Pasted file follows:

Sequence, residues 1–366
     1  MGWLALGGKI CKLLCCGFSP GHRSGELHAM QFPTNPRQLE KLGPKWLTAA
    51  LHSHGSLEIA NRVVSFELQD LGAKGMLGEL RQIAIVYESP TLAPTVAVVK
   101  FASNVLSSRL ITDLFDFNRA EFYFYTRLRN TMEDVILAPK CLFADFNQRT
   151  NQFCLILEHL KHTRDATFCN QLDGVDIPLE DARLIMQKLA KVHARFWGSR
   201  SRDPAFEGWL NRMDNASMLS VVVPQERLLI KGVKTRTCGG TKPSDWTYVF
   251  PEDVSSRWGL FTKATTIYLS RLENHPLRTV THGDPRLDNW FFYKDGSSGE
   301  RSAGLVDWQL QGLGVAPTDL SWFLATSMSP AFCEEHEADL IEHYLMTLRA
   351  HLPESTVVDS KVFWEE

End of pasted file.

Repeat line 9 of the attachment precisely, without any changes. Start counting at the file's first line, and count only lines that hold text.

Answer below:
   351  HLPESTVVDS KVFWEE